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Monday, October 21, 2019

Rauner warned that he is signing his own demise with immigration bill

Local Government

By Russell Boniface | Aug 24, 2017


Gov. Bruce Rauner

If Gov. Bruce Rauner turns Illinois into a so-called sanctuary state he will do more devastation to a conservative base that is already crumbling, host Dan Proft and callers to "Chicago's Morning Answer" radio show said recently.

Proft is a principal of Local Government Information Services, which owns this publication.

The immigration bill Rauner is expected to sign on Monday would prohibit police in Illinois from detaining or arresting someone based on his immigration status.

Proft quoted Illinois Sen. Kyle McCarter (R-Lebanon) as saying that "if Rauner doesn’t veto the bill this could be the last straw for downstate voters who have backed the governor.”

“I think Rauner is in a bit of a trick bag here, and he is approaching it the wrong way,” Proft said. “He thinks [signing] will move him into a more moderate position, a more moderate brand. This is a major political mistake he is making; a major policy error in judgment.”

Callers to the radio program agreed that Rauner will compromise his conservative base by signing the immigration bill. Proft and cohost Amy Jacobson said that they Rauner will turn the bill into law to bring Democrats back into his political fold.

An overwhelming number of callers said they would not support the governor in his 2018 re-election bid.

“He just abandoned the base, and I just can’t get the energy to vote for him,” one caller said, while another suggested that Rauner “totally became a Democrat in my mind.”

According to Proft, 70 percent of the Illinois electorate is opposed to the immigration bill. 

“It is pretty straightforward,” Proft said. "This a major mistake he's making."

Chicago Mayor Emanuel Rahm has filed a lawsuit against the Department of Justice for imposing conditions on federal grant money going to sanctuary cities. Los Angeles recently followed suit.

“If and when Gov. Rauner signs the sanctuary state legislation as he is poised to do on Monday, according to the (Chicago) Tribune and other sources, it will be a national story, and it may draw the attention of the president of the United States, one Donald Trump, who was not shy about talking about it yesterday in Phoenix,” Proft said.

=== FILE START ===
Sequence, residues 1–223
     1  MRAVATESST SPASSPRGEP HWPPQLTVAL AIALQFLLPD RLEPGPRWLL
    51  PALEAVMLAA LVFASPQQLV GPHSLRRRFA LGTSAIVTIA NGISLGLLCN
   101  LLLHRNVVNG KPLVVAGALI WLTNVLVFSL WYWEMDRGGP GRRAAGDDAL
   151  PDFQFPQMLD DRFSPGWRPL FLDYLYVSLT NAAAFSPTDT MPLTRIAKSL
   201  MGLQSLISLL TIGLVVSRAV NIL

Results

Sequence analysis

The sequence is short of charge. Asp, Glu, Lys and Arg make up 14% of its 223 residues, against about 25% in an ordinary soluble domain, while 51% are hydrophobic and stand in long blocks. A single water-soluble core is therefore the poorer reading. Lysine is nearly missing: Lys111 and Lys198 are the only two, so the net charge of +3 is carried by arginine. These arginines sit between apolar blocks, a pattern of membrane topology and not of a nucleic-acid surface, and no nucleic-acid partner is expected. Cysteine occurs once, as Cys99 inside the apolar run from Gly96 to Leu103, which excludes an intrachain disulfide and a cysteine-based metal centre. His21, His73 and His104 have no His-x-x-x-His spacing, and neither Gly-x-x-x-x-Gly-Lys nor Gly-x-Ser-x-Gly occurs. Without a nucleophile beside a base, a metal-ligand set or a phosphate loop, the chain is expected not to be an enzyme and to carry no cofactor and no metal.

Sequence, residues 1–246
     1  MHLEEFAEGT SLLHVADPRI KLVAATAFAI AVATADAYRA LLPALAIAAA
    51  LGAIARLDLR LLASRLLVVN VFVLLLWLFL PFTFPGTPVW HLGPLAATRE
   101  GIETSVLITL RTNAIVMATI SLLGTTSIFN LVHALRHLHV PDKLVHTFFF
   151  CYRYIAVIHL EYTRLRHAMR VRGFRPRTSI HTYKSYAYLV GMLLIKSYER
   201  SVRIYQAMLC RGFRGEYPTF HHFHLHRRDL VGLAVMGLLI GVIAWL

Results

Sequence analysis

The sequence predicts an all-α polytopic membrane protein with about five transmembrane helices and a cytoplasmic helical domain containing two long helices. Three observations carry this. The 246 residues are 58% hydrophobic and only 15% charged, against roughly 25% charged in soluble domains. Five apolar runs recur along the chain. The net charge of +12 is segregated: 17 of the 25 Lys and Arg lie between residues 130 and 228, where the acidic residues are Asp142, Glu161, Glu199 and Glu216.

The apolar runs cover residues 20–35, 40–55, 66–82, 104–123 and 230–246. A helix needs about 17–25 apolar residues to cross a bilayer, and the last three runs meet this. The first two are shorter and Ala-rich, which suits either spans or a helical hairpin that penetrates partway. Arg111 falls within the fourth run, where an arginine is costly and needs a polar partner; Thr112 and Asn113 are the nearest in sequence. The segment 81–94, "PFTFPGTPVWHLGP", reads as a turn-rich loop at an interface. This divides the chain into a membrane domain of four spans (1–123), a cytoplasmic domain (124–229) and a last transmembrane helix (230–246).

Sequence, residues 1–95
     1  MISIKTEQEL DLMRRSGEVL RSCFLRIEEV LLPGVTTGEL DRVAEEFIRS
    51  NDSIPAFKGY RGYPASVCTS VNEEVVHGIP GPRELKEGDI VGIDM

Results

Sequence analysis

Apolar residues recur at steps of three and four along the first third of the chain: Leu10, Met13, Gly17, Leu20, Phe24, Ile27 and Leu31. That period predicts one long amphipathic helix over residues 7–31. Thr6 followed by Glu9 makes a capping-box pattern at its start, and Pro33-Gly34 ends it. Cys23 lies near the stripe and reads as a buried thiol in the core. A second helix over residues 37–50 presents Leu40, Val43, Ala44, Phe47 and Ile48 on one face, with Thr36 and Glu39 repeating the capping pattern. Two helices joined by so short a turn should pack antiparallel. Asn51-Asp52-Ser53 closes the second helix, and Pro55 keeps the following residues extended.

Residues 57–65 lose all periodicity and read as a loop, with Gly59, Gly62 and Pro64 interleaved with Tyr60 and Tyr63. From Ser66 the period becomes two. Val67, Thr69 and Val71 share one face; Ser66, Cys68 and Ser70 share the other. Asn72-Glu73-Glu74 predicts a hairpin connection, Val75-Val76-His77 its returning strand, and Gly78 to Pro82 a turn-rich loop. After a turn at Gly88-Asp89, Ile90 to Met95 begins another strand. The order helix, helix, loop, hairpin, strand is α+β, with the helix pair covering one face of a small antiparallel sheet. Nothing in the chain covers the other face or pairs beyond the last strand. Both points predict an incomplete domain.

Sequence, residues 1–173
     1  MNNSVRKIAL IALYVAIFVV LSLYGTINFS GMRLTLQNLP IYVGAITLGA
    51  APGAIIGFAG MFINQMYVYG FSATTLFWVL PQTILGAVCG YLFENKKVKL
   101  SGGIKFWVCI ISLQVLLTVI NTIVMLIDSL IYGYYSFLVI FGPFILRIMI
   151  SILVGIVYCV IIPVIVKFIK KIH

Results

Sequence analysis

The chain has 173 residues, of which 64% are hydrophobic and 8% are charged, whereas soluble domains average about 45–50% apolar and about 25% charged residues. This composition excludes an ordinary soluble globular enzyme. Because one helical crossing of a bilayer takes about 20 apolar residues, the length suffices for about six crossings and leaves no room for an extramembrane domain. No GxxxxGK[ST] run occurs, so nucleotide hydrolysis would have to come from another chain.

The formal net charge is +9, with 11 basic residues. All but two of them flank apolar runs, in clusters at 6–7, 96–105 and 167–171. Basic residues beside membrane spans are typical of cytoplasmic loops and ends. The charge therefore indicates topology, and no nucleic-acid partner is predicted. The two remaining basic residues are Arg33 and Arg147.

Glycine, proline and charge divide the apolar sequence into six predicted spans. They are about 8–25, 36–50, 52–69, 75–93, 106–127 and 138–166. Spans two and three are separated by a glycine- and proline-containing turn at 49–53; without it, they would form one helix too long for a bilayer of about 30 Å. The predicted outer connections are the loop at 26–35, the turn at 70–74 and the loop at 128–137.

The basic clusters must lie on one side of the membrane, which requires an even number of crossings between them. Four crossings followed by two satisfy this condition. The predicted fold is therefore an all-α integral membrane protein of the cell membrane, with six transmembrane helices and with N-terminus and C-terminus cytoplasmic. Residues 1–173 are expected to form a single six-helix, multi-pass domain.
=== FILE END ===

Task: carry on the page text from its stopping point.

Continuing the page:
Trump held a rally on Tuesday at which he promised to crack down on sanctuary cities.

“How many votes does Gov. Rauner really think he is going to acquire by making this stupid move?” Jacobson said. “Even Democrats don’t want this idea. We want law and order. We want to follow the law of the land and not change the laws to acquire for the people who are here illegally who broke the law. It just doesn’t make sense.”

According to Proft, while the proposed immigration law might be a tough choice for politicians, it's an easy one for the general public.

“Go to any bar and pull up a stool next to the man or woman next to you and say, 'Hey, I got a brain teaser for you,” Proft said. “'If you’re law enforcement and you have, let’s say, a murderer in custody, should you keep that person in custody or should you release him?'”

Proft referred to the bill as a public safety issue that serves the “ruling class elite.”

The bipartisan bill was supported by both businesses and law enforcement.

“You have corporate interest that wants cheap labor,” Proft said. "And you have law enforcement that is being misrepresented. Does law enforcement want flexibility? Sure. Should they have it? Sure. If a house is on fire, you want a person who is in this country illegally who sees it to act as a good Samaritan and call 9-1-1 without fear that … then we’re going to check your immigration status. That’s a different thing.”

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Illinois State Senator Kyle McCarter

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